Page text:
Background: Previous studies have suggested that cardiac resynchronization achieved through atrial-synchronized biventricular pacing produces clinical benefits in patients with heart failure who have an intraventricular conduction delay. We conducted a double-blind trial to evaluate this therapeutic approach.
Methods: Four hundred fifty-three patients with moderate-to-severe symptoms of heart failure associated with an ejection fraction of 35 percent or less and a QRS interval of 130 msec or more were randomly assigned to a cardiac-resynchronization group (228 patients) or to a control group (225 patients) for six months, while conventional therapy for heart failure was maintained. The primary end points were the New York Heart Association functional class, quality of life, and the distance walked in six minutes.
Results: As compared with the control group, patients assigned to cardiac resynchronization experienced an improvement in the distance walked in six minutes (+39 vs. +10 m, P=0.005), functional class (P<0.001), quality of life (-18.0 vs. -9.0 points, P= 0.001), time on the treadmill during exercise testing (+81 vs. +19 sec, P=0.001), and ejection fraction (+4.6 percent vs. -0.2 percent, P<0.001). In addition, fewer patients in the group assigned to cardiac resynchronization than control patients required hospitalization (8 percent vs. 15 percent) or intravenous medications (7 percent vs. 15 percent) for the treatment of heart failure (P<0.05 for both comparisons). Implantation of the device was unsuccessful in 8 percent of patients and was complicated by refractory hypotension, bradycardia, or asystole in four patients (two of whom died) and by perforation of the coronary sinus requiring pericardiocentesis in two others.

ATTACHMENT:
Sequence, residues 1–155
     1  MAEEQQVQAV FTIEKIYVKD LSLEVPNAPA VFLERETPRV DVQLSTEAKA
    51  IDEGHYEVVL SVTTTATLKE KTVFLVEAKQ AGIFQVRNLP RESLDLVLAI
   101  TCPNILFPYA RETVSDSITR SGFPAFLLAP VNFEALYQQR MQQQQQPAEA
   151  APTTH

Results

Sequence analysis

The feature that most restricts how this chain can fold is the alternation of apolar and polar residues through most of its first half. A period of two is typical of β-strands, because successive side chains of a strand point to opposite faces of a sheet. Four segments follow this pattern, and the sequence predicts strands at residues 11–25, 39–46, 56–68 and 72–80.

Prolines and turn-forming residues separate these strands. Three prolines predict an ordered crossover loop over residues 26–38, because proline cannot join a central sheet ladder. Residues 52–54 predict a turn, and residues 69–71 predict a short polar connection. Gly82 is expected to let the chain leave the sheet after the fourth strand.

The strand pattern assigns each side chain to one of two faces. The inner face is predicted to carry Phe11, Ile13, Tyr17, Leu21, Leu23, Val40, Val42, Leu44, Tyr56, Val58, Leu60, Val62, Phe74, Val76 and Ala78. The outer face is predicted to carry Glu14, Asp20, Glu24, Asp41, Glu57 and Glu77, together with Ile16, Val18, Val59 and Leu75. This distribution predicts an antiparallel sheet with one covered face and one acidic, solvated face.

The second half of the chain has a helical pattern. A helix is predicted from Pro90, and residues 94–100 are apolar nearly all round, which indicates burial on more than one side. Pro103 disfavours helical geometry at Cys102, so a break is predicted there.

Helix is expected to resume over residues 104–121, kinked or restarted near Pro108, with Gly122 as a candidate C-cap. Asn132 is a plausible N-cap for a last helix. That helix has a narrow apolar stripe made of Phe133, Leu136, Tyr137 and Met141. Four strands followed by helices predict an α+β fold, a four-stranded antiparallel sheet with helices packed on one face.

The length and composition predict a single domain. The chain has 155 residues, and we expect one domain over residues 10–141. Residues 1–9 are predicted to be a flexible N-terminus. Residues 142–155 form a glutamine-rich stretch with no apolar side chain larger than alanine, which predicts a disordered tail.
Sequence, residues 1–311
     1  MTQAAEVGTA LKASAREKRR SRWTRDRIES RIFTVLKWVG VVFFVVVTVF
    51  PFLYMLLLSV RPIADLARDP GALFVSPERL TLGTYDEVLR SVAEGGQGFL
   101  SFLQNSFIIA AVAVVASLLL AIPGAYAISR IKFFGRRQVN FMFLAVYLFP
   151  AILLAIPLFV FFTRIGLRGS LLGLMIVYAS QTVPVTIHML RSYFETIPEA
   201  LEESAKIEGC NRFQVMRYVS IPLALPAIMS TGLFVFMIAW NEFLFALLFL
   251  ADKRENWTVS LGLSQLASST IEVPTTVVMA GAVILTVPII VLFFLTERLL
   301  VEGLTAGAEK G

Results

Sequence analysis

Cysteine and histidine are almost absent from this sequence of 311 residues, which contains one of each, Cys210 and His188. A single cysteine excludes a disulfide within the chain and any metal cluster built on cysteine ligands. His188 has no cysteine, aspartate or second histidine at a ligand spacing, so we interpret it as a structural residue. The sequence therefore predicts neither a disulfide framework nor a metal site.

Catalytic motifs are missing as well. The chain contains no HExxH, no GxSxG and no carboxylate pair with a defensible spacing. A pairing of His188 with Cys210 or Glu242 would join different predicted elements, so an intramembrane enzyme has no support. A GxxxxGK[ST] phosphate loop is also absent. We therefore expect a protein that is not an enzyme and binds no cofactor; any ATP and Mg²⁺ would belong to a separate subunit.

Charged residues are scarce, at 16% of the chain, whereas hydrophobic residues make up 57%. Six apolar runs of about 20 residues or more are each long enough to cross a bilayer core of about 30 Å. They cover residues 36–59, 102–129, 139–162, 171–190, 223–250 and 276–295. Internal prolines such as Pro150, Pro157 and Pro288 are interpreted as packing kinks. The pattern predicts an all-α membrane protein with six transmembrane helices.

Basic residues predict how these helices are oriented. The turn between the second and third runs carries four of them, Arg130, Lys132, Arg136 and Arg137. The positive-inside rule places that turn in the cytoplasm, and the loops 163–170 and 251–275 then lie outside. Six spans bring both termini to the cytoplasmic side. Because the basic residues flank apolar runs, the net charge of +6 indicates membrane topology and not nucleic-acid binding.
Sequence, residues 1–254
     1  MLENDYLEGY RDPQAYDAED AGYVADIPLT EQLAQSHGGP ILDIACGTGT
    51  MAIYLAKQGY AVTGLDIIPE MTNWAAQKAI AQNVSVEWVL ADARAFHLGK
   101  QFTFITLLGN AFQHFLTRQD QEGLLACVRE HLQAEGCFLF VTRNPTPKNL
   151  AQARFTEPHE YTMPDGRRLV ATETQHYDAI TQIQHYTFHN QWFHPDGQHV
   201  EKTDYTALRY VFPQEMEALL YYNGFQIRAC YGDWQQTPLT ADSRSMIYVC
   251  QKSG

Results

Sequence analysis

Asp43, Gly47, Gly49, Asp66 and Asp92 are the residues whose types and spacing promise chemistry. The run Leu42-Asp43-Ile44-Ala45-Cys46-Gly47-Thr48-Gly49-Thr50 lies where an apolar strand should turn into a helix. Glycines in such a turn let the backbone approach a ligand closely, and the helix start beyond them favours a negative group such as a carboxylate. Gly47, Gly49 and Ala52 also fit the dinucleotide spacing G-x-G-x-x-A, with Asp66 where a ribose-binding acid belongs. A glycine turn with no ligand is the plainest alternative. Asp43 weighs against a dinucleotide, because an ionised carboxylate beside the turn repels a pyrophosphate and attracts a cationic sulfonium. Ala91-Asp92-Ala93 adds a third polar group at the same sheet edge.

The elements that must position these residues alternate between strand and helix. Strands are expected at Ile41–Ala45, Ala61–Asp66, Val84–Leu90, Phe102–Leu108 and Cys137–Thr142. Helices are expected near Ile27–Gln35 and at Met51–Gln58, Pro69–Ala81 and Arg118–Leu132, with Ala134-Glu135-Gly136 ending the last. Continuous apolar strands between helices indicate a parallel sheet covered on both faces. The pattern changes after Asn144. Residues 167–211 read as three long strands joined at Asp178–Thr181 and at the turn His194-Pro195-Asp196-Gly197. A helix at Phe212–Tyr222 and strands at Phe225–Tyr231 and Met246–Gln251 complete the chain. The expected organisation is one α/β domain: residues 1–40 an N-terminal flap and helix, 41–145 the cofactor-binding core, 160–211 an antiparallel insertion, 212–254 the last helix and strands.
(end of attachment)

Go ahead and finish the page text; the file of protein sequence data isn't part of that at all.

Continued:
Conclusions: Cardiac resynchronization results in significant clinical improvement in patients who have moderate-to-severe heart failure and an intraventricular conduction delay.